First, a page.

Q: Should you worry about mercury in Swine flu vaccine?
A: Good question. Ok, it’s not really an “environmental” issue, but it does concern our physical bodies (and those of our children) so it is a “creation care” issue. The underlying real connection is whether we are willing to trust scientific consensus on some issues but not others. Hint: if you wear a seat belt but also believe that thimerosal preservatives in vaccines cause autism, you may be inconsistent. Similarly, if you buckle your kids up but don’t believe people are causing global warming, you may be inconsistent in your attitude toward expert opinion.
A strong scientific consensus exists that says seat belts save lives, a strong scientific consensus says that people are causing global warming, and a strong scientific consensus exists that thimerosal preservatives in vaccines are safe . Why trust one and not the other?
You didn’t answer the question: Should you worry about mercury in swine flu vaccines?
I’m not a doctor (well, actually I am, but a Ph.D. doesn’t qualify me to give medical advice). So the first caveat is, you should ask your own doctor about the swine flu shot (H1N1) and the safety of vaccinating your kids.
Joanna and I vaccinated all three of our children (ages 2, 6, and 9), because the risks from seasonal and swine flu seem so much greater than the risks from the mercury in the vaccinations. The swine flu injections they received contained thimerosal (although not all do). The amount of mercury in the vaccinations was about the same as that contained in a six-ounce can of chunk light tuna (25 micrograms in the vaccine, versus 20 micrograms in a can of chunk light tuna). It’s much LESS mercury than in a can of albacore tuna. So we could simply cut out tuna for a week and make up for whatever mercury they were exposed to in the vaccine.
In addition, the form of mercury in thimerosal is ethyl mercury, which is excreted much more quickly than methyl mercury, so the actual exposure is much, much less. So we’re not worried at all about that mercury exposure.
Wait, there’s mercury in tuna?
Yes, and THAT’S the kind of mercury exposure we should all be much more worried about (because most childhood vaccines no longer contain mercury as a preservative). Methyl mercury levels in many kinds of fish are high enough to cause harm when consumed regularly. Fish is good food and should be a part of a healthy diet, but because of the world’s dependence on coal-fired generating plants, we put a lot of extra mercury into the environment, which ends up in the fish and shellfish we eat.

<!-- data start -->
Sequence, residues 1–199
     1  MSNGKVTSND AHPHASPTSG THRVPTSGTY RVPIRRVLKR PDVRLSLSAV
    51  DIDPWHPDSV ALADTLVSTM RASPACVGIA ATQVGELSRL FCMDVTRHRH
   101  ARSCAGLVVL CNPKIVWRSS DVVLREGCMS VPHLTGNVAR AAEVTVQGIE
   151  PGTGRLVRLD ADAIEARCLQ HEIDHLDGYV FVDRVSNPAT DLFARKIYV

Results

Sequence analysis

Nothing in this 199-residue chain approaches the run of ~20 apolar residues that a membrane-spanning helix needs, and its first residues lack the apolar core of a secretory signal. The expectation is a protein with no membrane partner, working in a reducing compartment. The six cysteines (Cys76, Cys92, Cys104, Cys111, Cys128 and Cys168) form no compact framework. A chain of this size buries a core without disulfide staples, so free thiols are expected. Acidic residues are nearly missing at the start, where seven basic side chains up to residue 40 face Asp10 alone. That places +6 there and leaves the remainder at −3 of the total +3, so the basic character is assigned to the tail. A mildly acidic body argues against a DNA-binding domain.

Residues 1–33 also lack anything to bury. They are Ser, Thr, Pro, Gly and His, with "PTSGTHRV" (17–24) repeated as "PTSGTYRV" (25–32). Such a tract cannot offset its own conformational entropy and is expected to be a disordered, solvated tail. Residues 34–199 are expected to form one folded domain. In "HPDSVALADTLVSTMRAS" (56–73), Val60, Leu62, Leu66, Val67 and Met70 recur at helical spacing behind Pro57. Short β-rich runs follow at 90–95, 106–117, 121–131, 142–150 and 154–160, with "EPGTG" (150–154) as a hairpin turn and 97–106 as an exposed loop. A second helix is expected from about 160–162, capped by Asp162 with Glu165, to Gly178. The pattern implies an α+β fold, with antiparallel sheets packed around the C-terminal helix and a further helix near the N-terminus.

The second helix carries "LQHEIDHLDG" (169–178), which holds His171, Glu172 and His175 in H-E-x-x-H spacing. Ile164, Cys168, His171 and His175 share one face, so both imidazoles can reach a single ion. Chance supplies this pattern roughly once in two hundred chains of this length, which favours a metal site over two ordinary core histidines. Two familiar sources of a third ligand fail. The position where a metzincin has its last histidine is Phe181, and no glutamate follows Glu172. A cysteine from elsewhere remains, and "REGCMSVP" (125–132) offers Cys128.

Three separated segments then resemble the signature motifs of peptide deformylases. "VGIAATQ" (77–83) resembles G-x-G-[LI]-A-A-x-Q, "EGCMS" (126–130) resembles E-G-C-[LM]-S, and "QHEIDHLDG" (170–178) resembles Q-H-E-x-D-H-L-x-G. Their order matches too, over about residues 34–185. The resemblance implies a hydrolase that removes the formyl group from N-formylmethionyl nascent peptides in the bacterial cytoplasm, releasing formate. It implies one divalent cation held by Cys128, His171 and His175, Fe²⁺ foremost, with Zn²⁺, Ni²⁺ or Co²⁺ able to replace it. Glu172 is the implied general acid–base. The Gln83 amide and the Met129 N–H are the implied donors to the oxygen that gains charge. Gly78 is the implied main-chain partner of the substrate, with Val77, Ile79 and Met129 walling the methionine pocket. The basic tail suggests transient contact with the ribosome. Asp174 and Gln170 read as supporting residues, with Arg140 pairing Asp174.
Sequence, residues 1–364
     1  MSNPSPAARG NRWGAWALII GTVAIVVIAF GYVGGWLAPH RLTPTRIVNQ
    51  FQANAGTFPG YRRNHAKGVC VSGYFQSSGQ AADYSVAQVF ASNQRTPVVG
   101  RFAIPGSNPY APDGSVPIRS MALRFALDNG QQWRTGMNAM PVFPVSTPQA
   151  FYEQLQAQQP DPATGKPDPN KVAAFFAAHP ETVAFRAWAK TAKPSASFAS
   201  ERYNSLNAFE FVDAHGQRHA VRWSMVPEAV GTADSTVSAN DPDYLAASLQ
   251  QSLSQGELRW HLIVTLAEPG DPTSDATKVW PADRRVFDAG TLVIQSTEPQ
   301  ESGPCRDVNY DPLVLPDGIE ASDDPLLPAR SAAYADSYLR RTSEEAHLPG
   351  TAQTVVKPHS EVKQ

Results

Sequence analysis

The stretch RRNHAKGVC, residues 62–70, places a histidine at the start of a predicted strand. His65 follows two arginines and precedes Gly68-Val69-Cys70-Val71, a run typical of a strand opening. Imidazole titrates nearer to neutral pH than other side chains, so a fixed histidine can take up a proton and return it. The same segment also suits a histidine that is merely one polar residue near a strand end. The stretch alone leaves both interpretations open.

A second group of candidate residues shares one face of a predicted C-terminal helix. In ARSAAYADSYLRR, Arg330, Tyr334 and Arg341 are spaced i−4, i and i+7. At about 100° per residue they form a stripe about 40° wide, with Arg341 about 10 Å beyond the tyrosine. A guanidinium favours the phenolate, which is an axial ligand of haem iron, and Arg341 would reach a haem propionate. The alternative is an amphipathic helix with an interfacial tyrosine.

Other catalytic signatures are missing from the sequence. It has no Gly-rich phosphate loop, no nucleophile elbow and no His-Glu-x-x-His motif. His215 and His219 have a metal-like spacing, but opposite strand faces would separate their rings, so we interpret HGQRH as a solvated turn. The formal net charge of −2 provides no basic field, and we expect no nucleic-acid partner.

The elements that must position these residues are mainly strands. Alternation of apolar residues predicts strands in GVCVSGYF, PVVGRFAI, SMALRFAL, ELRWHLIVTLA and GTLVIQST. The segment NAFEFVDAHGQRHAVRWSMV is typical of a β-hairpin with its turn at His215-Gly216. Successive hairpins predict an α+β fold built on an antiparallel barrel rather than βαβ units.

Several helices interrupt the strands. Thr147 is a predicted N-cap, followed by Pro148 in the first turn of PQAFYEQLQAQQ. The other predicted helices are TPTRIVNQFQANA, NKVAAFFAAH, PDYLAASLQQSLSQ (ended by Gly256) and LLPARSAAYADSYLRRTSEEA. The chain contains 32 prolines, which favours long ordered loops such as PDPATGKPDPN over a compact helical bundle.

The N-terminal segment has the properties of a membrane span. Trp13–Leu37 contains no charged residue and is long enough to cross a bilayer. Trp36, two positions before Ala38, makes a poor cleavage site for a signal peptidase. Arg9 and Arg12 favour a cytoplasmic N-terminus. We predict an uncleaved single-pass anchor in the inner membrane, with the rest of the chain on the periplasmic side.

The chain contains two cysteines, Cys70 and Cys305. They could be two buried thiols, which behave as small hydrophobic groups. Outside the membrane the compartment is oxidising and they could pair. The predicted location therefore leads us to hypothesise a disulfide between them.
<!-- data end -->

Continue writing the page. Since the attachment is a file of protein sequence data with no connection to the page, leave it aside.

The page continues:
The biggest anthropogenic source of mercury in the environment is pollution from burning coal to produce electricity, and that pollution gets into our bodies. If you have kids, you should feed them chunk light instead of albacore tuna (or tuna steaks) and limit the amount to a six ounce can a week or so. There is a joint FDA/EPA advisory about mercury in various kinds of fish, which everyone should read.
Should you get the swine flu shot if you’re pregnant?
Almost certainly. Both seasonal flu and H1N1 pose serious risks to pregnant women and their babies. It appears to be much more dangerous for a woman and her unborn baby if she gets the flu. You may be able to get a thimerosal-free formulation, but in any case the CDC recommends that pregnant women are vaccinated–they’re near the top of the priority list for H1N1 vaccination. Talk to your doctor, or read the CDC guidance on H1N1 vaccines and pregnancy.
Life is complicated, and requires that we weigh risks carefully, and that we rely on good science and not rumor, conjecture, and pseudo-science. Sometimes we avoid one risk and
inadvertently put ourselves in danger of much greater problems. Whether it is people refusing to buckle their seat belts for fear of being trapped in a car crash, people in high risk groups avoiding the flu vaccine, or people who fear environmental regulation but don’t worry about the dangers of unmitigated climate change, we need to take a deep breath, ask for wisdom, and act accordingly. Buckle up, fight climate change, and follow your doctor’s advice on the flu shot.